too far to go But we can’t leave it to the forces to rub out the color of the world

C.D. Wright is the author of a dozen collections of poetry and prose. A recipient of a MacArthur Fellowship, Wright is a professor of English at Brown University and lives outside Providence, Rhode Island.

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Editorial Reviews

Joel Brouwer
Wright's emphasis on bearing witness, on counting and recounting victims, and calling the powerful to account, makes up one crucial aspect of her project, and calls to mind the work of 20th-century activist poets like Kenneth Fearing, Langston Hughes and Muriel Rukeyser. But the fragmentary forms and skittering attention of her poems suggest that 21st-century activist poetry may face some novel challenges, since it is obliged not only to bear witness to obvious evils but also to elucidate more subtle, tangled and disguised patterns of injustice. Wright's new poems take up a wide variety of thorny issues—the war in Iraq, the post-Katrina debacle in New Orleans, illegal immigration, the human consequences of global capitalism—but Wright understands it won't suffice merely to tote up the soldiers wounded, levees breached, Mexicans arrested and jobs lost. She also has to consider the interdependent systems that rely on and engender those phenomena, the buried roots from which those statistics stem. And this is where Wright really shines.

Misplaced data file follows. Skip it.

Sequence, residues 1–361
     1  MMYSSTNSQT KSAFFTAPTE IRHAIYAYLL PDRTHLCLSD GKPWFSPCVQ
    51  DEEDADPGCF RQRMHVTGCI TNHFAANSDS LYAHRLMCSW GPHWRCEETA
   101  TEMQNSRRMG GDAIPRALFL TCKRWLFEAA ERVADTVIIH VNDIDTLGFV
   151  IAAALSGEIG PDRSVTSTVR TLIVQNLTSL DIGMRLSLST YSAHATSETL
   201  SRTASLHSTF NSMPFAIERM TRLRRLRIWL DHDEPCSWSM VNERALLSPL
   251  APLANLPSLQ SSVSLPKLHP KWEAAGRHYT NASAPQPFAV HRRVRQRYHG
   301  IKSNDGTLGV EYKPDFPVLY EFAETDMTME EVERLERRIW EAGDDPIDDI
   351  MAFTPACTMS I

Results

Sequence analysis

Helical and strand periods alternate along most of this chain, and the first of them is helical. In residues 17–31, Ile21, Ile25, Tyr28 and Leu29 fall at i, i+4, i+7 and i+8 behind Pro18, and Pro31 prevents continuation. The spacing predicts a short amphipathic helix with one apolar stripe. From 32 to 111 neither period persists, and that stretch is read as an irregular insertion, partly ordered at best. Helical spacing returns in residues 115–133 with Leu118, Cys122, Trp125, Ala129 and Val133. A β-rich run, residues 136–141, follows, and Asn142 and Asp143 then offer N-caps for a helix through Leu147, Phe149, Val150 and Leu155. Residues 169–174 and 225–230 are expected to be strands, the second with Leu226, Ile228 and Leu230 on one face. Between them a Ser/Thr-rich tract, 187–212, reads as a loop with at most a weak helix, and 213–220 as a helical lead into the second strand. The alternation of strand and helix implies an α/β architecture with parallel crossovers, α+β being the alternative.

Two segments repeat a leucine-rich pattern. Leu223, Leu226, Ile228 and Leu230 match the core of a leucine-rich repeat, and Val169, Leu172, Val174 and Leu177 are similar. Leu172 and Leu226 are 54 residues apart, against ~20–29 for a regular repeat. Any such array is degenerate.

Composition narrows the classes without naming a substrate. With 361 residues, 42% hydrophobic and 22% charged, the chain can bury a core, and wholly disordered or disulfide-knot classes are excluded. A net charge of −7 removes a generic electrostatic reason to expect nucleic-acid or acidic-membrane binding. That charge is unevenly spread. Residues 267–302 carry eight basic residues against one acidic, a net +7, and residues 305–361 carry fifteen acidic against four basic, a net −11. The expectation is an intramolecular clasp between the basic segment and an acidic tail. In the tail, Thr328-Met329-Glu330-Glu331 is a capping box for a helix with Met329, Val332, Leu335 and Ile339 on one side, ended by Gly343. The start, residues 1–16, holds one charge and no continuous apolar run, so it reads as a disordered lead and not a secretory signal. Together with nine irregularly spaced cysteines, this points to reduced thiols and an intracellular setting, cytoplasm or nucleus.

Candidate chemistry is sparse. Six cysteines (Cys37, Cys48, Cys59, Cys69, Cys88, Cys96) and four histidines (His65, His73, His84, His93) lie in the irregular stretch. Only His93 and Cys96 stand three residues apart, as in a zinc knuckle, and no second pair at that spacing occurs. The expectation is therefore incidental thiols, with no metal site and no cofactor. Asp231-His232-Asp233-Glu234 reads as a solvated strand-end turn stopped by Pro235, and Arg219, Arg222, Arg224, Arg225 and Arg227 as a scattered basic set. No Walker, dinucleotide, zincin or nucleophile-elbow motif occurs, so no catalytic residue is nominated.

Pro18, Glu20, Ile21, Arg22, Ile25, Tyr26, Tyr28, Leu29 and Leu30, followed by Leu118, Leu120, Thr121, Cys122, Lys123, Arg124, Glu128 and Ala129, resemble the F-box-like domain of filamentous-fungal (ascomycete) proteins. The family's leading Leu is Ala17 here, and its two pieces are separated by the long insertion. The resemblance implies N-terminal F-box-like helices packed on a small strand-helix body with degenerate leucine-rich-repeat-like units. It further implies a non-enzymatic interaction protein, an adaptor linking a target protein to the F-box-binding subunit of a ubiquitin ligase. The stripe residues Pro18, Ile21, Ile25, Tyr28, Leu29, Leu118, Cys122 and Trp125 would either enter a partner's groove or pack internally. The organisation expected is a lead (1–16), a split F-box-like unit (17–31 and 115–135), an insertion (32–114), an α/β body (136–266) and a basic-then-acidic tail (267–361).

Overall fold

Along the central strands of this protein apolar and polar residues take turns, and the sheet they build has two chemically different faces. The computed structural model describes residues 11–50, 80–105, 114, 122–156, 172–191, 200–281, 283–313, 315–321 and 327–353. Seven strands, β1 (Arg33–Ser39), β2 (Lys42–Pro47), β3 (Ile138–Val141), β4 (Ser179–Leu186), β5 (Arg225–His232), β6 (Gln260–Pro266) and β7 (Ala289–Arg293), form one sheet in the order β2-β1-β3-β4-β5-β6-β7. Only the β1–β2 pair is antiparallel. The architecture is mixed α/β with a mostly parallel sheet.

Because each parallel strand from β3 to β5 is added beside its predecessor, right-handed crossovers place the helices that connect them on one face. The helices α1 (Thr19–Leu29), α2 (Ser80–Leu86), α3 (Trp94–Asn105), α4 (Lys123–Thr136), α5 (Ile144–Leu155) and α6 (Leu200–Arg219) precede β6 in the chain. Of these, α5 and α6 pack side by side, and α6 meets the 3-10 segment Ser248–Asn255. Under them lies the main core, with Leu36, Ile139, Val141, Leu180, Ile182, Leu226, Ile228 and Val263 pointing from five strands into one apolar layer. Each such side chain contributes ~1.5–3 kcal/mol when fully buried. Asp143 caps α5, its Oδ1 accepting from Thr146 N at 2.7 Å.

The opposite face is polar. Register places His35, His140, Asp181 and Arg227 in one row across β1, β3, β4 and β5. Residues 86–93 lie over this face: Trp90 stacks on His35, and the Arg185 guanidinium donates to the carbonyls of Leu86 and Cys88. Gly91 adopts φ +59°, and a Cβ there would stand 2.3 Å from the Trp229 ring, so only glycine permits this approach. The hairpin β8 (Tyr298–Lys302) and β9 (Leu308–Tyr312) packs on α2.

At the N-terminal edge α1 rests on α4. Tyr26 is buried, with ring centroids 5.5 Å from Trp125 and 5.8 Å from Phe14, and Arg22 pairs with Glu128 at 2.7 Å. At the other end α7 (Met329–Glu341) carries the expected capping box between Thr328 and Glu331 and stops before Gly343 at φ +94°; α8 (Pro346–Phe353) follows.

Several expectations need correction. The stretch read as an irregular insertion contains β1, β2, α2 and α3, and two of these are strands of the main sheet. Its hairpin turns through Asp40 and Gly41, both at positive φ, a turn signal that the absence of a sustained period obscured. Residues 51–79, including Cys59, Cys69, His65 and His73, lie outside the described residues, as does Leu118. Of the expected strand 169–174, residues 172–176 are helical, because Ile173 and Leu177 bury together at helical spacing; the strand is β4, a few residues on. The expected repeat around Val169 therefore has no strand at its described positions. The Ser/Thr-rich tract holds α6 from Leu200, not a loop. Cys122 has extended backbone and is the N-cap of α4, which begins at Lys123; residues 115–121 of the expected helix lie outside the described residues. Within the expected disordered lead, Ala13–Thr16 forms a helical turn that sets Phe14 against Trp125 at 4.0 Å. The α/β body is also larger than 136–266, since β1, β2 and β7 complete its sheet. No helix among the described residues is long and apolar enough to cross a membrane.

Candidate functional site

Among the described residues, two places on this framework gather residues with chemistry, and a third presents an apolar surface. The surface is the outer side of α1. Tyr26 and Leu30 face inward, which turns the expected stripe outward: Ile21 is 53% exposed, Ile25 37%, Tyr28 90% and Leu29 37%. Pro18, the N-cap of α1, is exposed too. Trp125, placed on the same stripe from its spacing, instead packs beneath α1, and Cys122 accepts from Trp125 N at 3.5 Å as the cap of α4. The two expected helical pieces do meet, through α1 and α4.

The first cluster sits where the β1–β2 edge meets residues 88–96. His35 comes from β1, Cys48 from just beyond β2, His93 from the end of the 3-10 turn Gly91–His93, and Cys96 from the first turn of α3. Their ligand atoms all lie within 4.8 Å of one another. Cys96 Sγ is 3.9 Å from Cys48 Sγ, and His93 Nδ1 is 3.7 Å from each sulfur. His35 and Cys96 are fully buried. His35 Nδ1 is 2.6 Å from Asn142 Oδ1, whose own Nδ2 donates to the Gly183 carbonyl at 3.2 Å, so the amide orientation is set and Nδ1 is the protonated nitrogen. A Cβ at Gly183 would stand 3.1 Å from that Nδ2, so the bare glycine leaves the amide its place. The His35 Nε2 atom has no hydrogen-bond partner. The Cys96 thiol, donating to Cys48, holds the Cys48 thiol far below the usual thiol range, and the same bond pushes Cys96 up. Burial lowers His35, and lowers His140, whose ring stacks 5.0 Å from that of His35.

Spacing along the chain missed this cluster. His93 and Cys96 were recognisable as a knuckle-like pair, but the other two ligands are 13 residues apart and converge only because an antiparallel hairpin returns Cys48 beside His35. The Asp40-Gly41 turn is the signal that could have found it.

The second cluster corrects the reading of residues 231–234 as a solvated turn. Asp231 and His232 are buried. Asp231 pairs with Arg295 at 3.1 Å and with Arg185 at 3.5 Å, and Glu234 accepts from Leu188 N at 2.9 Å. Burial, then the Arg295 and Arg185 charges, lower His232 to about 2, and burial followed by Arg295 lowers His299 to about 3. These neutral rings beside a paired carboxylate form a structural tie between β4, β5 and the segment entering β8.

—The New York Times
Publishers Weekly

In her first collection of new lyric poems since 2003, Wright braids some of her most personal and intimate poetry to date with an extended meditation on the consequences of America's contemporary stance toward other countries. Short, elliptical lyrics, featuring Wright's trademark repetition of lines and sharp wit, which interrogate their own speaker and a companion ("She is not really hearing what he's really saying") flank the two-part title piece, a long poem that is a travelogue of a trip to Mexico at the beginning of the current war in Iraq. Everywhere the shell-shocked speaker goes, she finds people "mesmerized// by the new media-borne war," while she feels "Ashamed of her solace in being here" because, now more than ever, "to be ashamed is to be American." As the lines blur between tourism and empire, and as images and impressions accrue ("Whole new breed of dog born in every warren"), the poem's speaker also reflects on the safety and precariousness of her own family. This book displays a new level of social and personal consciousness for Wright (One Big Self), who characterizes the powerful ambivalence that now accompanies life in America, where injustice may be the price of freedom, and where "poetry/ doesn't/ protect/ you/ anymore." (Apr.)